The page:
It was - it was almost like a - I thought about people evacuating from a hurricane or something where they open up the other side of the lanes to let people go. But, I mean, such a dynamic, changing, evolving situation with tornados forming and these storms coming in, it was - it was really just asking for a catastrophe. I'm really surprised there wasn't more problems or more - I'm not hearing any more reports of injuries from car crashes.


BLACKWELL: In Missouri. And there was a - there was some violent storms there as well. They stripped the siding off buildings and just sent the roofs flying there. No deaths have been reported, fortunately, but at least one apparent tornado damaged homes around St. Louis. Governor Jay Nixon has declared a state of emergency. St. Louis-Lambert International Airport is now open again after battering winds spread debris across the runways and passengers and crew literally running for cover. But almost 90,000 people across Missouri still have no power. Officials warn that more strong winds, more hail, more tornados and flash floods could be on the way today.

KOSIK: Oh, it just doesn't end.


KOSIK: They don't get a break.

BLACKWELL: It's been a tough couple of weeks for that area of the country. You know, from Oklahoma to Indiana, more potentially dangerous thunderstorms, as we said, with the flash floods and the winds, there's still a major threat.

Let's go to CNN's Severe Weather Center and meteorologist Karen Maginnis joining us this hour.

Karen, what's out there right now because it's gone from a wind event to a rain event, right?

KAREN MAGINNIS, AMS METEOROLOGIST: Yes. There is essentially a crisis on several fronts, and that is from May 20th, when we had the EF-5 tornado that struck Moore, Oklahoma, they're still dealing with that. Now we get another round of severe weather. You get power outages and flooding. And those are many different levels of an emergency situation that you can think of.

All right. Here we go. Oklahoma City right here. We are seeing the bulk of the precipitation. It has now moved along Interstate 40 to the east. And we've still got some of these embedded cells. So if you look at this region just to the south - I apologize -- we are looking at the bulk of the precipitation, the heaviest right along the Interstate 40 to the south. Those are not the areas that it is exclusive. So the rain keeps coming down and those basins, those wash areas continue to fill up.

And this is kind of our 3-D look at the storms that happened last night. Some of these thunderstorms were up to 60,000 feet. And I'll tell you this. We did see those temperatures up over 100 degrees. And Altic (ph), also in Allmore (ph), we saw these temperatures up around 102, 104 degrees.

You ask why do I say that? Because triple digit temperatures, warm, moist air coming up from the south, that cooler air coming from the north, and you get the ideal ingredients for these storms to start to build. That's why they were so intense and so powerful.

They'll send out National Weather Service people. They'll survey the damage. They'll assess just how intense these tornados were. The EF-5, that was in Moore, Oklahoma. I think we might see something a little less than that only because we didn't see the population density that we saw in Moore. So as soon as we get that information, we'll pass it along to you.

KOSIK: OK, thank you.

The National Weather Service says that five tornados of the 23 in total, five of those hit Oklahoma. Our Nick Valencia joins me now from El Reno, where one struck.

Nick, tell me what you're seeing this morning.


We drove here about 25 miles west of Oklahoma City to a town called El Reno, Oklahoma. We saw a lot of damage on the way in. A couple of overturned semis. First responders were helping them out. Lots of debris on the side of the road.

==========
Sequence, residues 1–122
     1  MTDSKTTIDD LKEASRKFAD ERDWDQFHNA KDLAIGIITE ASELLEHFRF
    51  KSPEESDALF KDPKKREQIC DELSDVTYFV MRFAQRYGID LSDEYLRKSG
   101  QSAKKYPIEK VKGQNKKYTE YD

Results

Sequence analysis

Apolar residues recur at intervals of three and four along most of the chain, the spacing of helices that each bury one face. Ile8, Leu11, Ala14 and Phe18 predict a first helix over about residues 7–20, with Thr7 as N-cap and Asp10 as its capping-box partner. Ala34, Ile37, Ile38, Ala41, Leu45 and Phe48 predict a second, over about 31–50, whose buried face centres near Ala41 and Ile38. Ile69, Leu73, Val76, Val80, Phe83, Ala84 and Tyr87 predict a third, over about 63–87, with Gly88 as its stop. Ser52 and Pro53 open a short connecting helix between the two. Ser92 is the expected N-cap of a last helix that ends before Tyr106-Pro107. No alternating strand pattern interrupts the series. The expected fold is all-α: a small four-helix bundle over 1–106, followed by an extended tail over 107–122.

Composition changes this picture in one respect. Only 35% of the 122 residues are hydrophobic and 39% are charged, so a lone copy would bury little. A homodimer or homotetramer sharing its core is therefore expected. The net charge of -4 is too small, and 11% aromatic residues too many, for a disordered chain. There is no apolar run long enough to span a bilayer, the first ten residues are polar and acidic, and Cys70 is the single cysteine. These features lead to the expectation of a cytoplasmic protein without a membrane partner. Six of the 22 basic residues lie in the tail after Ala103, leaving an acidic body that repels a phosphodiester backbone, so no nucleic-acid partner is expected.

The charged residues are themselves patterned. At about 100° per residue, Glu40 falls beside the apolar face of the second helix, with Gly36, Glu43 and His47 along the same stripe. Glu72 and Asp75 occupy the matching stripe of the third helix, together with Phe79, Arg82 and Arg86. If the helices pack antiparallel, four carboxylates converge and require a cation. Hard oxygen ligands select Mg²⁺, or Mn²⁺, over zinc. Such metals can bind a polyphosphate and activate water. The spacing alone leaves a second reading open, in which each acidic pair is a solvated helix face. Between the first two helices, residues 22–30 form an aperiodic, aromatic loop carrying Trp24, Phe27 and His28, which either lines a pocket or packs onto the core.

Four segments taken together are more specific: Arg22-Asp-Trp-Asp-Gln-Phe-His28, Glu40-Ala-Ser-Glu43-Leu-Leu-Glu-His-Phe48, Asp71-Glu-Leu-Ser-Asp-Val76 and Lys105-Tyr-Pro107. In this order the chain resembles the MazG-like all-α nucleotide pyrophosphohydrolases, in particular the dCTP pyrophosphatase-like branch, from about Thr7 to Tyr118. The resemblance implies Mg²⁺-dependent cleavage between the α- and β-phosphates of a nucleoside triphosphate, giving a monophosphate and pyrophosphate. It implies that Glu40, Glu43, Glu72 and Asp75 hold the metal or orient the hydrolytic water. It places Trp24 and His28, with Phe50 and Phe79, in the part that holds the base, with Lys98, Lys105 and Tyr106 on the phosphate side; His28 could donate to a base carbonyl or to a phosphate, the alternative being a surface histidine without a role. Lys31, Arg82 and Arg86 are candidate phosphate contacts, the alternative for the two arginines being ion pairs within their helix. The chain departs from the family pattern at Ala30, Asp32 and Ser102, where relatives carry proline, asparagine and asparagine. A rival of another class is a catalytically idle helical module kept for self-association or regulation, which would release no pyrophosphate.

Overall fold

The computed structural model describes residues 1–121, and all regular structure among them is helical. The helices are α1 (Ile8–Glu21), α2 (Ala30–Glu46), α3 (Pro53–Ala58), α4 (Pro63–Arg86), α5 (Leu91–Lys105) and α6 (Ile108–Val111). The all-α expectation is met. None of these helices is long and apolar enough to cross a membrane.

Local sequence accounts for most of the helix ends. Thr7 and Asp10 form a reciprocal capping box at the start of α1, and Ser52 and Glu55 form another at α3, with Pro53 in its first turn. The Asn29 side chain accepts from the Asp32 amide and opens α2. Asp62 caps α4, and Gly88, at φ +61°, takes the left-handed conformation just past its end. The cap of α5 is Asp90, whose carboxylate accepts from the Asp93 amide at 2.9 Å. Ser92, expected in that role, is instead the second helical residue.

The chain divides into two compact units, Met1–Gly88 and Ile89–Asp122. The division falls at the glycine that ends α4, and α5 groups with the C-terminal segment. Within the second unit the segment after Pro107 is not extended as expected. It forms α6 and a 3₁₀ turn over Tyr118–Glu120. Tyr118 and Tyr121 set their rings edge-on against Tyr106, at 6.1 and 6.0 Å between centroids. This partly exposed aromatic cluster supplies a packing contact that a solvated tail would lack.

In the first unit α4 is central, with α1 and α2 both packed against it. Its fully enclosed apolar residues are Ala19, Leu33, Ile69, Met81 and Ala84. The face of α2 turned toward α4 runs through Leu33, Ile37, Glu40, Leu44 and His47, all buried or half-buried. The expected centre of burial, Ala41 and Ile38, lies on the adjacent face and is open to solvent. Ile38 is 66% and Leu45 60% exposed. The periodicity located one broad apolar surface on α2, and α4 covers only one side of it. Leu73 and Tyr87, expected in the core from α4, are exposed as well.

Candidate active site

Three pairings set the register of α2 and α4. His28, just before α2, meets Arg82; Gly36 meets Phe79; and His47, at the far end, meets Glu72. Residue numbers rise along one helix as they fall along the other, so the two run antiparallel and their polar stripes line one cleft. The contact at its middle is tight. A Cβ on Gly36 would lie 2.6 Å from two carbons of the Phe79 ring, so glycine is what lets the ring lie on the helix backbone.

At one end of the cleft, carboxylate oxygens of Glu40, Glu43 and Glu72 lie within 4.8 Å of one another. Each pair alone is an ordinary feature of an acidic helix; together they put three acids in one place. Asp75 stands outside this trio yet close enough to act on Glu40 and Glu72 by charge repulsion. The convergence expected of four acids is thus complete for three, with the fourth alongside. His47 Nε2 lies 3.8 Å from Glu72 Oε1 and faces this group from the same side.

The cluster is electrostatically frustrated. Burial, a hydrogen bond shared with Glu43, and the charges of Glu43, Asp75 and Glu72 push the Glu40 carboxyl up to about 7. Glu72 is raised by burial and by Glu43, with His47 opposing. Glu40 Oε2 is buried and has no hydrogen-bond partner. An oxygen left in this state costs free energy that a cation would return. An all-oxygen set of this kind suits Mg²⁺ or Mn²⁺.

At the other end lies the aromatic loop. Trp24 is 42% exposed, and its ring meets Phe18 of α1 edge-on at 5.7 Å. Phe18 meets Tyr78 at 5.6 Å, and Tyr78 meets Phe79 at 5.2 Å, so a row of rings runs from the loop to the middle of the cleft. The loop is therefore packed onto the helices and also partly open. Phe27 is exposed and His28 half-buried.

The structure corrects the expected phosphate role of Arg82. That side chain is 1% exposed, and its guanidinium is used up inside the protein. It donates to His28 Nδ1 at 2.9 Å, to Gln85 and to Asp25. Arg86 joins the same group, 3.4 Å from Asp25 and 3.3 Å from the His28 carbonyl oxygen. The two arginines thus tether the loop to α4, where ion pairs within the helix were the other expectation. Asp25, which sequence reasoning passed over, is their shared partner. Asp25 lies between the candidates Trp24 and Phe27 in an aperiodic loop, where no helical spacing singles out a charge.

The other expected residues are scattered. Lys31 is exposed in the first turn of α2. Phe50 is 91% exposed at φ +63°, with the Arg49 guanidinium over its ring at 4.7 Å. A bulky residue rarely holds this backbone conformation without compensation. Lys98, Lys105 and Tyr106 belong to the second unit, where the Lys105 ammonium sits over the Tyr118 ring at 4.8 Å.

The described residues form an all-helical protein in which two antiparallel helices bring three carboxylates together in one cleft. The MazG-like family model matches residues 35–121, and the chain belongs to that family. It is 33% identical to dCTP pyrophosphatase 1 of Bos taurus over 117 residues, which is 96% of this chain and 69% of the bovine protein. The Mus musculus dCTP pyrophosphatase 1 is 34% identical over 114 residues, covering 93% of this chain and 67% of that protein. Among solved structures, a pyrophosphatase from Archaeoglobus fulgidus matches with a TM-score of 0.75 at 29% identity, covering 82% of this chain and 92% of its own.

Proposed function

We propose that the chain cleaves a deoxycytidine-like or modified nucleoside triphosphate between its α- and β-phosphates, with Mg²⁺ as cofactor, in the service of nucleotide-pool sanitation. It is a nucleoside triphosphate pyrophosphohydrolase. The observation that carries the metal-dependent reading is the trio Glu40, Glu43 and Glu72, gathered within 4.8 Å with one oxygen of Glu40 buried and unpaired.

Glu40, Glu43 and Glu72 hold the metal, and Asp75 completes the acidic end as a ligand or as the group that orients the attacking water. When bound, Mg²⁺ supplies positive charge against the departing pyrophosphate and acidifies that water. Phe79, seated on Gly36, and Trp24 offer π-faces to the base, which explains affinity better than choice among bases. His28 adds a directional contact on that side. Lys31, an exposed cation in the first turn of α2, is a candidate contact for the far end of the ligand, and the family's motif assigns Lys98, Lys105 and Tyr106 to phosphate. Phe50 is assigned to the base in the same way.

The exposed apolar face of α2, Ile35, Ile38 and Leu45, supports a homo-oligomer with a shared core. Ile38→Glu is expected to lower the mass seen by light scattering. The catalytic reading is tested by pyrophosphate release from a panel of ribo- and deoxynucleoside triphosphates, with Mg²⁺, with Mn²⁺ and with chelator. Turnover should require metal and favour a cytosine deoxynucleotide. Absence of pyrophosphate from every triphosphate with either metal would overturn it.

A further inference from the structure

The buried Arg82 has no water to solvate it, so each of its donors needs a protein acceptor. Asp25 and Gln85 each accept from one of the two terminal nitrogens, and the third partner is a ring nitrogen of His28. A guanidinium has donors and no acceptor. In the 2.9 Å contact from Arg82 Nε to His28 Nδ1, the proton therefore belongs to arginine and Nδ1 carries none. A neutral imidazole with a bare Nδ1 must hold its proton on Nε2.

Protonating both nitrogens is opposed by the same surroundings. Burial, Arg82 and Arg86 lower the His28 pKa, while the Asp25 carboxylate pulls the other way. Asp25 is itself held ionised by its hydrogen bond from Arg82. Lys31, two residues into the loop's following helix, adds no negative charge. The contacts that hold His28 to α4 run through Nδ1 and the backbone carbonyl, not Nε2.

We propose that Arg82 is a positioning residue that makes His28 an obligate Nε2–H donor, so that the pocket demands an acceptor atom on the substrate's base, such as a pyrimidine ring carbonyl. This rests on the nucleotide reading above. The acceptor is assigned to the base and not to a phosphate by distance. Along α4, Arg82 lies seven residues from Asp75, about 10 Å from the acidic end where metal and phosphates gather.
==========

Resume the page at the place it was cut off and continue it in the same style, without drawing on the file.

And we're outside of the Canadian Valley Technical Center, which appears to be sort of the center of this strike zone, or at the very least part of the area that got hit hard. You see debris all up alongside this structure in the back. You see another structure with half of its roof torn off.

Now, also, on the way in here, we saw first responders going up and down the road here, Alison, with their flashlights, doing a second sweep of this area. We understand they've already done one sweep. They are not reporting injuries or fatalities as of yet. We expect to get a new update from the Canadian County Sheriff's Office later this morning at about 8:30, 9:00 a.m. local time. That's about 9:30, 10:00 Eastern. So when we have more information on that, we'll bring it to you.

But the good part of this - of this all, we understand that the mayor is concerned about major flooding. We haven't seen any of that on our drive in. We do see, though, that there is very little light out here except (ph) for our crew and a couple other crews out here, news crews out here, there's no light out here, Alison. It's completely pitch dark and pitch black. And as we've been mentioning all morning it's really going to be a testament to how strong this tornado system was that came through here when first light comes up.

Until then, this is what we've sort of got to go off here. This debris next to this technical center. And what we've seen on the way in, there's overturned semi and some debris alongside the road. But, so far, we have not seen the catastrophic or major damage that we saw on May 20th when that EF-5 tornado ripped through Moore, Oklahoma.

So there are some good signs so far in these early morning hours -- Alison.

KOSIK: OK, Nick Valencia, thanks. We're going to make sure to check back with you a little later, especially when the sun comes up.

Going in the direction of the storm.


UNIDENTIFIED MALE: Brett (ph), go! Quick! As fast as you can.


BLACKWELL: As fast as you can. That's what it's like to be a storm chaser. We're going to bring you more from the danger zone.


UNIDENTIFIED MALE: Brett (ph), go now! Hurry!



KOSIK: You know, the video coming out from these storms is just stunning. And you almost can't get enough watching it because it's really incredible. And its these storm chasers who are capturing this video. And these are the people who actually drive toward the storm instead of seeking shelter.